Very personal computing: In artist’s new work, AI meets fatherhood

Very personal computing: In artist’s new work, AI meets fatherhood

Ian Cheng was feeling adrift. It was the start of 2013; he was nearly 30, with an art degree from University of California, Berkeley, and another from Columbia University, but he needed an idea, something to build a career on. Pondering the question one wintry afternoon in the balcony cafe at the Whole Foods Market on Houston Street in New York City, a place that promises people-watching and “you time,” he found himself gazing absently at the shoppers below. He grew increasingly transfixed. The market was its own little ecosystem, with clear-cut rules but elements of chance thrown in. Somebody’s dog that wouldn’t behave. A guy sneaking food from the salad bar. People doubling back to get a plate. An idea began to form in Cheng’s head, an idea that drew on his other major at Berkeley, in cognitive science. His thoughts ran to complex systems. Emergent behavior. And what if a video game engine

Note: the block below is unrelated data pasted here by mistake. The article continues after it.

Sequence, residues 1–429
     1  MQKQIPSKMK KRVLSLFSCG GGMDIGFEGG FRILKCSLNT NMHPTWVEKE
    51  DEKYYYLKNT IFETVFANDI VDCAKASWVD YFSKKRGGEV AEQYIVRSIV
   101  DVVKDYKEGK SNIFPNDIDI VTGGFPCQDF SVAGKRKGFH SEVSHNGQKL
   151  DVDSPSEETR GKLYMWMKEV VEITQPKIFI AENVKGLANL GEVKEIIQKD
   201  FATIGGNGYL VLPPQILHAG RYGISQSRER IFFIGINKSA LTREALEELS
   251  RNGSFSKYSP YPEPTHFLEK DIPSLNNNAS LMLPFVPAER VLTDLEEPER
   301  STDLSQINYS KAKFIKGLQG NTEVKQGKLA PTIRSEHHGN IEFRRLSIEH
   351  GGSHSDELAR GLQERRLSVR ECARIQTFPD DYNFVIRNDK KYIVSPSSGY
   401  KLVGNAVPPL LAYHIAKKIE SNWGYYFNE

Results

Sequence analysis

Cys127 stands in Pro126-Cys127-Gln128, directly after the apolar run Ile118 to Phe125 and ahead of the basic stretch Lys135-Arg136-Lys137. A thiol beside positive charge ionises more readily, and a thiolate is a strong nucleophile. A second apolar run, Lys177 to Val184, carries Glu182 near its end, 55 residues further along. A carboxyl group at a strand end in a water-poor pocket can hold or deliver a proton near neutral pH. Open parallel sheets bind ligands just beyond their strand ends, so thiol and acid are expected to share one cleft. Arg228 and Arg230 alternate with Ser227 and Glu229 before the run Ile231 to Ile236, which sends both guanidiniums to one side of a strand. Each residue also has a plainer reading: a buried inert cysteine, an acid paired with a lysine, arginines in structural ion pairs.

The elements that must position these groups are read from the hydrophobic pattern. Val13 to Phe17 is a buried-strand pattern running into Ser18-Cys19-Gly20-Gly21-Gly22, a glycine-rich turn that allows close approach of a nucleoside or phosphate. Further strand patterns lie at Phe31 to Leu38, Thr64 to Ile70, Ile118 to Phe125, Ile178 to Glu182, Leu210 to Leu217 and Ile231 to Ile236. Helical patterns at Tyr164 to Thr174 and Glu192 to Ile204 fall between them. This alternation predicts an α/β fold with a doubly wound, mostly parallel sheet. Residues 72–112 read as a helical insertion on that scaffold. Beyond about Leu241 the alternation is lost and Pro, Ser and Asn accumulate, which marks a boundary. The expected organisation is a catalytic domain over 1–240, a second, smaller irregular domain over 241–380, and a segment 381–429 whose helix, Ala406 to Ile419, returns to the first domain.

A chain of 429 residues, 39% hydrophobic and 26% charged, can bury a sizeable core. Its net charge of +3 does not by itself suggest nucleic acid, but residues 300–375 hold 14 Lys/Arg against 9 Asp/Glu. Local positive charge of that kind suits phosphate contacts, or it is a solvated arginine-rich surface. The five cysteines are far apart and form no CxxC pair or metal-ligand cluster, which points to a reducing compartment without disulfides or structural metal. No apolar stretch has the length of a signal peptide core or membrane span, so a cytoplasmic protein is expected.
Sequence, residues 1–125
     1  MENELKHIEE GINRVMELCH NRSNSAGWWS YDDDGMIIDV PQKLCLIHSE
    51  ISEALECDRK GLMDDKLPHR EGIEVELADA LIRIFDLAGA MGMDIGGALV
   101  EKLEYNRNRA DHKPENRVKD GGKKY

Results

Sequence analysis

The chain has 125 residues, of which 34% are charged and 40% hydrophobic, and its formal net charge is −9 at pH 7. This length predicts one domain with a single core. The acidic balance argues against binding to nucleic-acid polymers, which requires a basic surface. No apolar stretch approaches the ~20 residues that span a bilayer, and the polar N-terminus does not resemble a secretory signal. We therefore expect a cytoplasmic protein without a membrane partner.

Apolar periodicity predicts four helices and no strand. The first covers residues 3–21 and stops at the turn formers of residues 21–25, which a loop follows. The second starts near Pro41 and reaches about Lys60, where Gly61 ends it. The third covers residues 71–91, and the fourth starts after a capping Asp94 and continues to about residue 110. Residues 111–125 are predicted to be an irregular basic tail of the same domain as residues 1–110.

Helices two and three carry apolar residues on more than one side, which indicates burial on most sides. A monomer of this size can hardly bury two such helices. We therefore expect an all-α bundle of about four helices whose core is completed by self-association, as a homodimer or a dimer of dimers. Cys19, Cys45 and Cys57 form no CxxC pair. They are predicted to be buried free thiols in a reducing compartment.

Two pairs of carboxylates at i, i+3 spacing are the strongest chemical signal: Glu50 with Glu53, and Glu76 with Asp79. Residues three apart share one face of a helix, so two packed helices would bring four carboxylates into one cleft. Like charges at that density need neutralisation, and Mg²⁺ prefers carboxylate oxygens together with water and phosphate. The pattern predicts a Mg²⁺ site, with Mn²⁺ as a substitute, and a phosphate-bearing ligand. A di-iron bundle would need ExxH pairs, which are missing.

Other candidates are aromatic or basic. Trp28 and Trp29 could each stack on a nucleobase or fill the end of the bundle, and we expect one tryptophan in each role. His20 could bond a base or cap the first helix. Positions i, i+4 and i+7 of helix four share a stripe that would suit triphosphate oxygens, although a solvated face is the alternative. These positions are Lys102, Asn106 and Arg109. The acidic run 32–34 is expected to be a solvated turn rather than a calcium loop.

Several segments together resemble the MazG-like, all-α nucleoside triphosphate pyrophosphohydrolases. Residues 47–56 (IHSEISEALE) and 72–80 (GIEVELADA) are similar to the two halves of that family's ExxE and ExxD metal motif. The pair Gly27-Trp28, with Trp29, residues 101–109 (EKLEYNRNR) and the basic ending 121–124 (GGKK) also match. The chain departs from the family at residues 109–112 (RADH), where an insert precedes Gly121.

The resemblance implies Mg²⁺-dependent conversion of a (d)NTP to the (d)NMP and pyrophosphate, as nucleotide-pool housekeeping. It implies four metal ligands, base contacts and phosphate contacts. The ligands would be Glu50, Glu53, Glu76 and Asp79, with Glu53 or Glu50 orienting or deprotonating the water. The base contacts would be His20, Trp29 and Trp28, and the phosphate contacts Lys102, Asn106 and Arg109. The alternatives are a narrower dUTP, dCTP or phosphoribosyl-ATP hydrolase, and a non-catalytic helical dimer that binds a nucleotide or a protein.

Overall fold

Ian Cheng was feeling adrift. It was the start of 2013; he was nearly 30, with an art degree from University of California, Berkeley, and another from Columbia University, but he needed an idea, something to build a career on. Pondering the question one wintry afternoon in the balcony cafe at the Whole Foods Market on Houston Street in New York City, a place that promises people-watching and “you time,” he found himself gazing absently at the shoppers below. He grew increasingly transfixed. The market was its own little ecosystem, with clear-cut rules but elements of chance thrown in. Somebody’s dog that wouldn’t behave. A guy sneaking food from the salad bar. People doubling back to get a plate. An idea began to form in Cheng’s head, an idea that drew on his other major at Berkeley, in cognitive science. His thoughts ran to complex systems. Emergent behavior. And what if a video game engine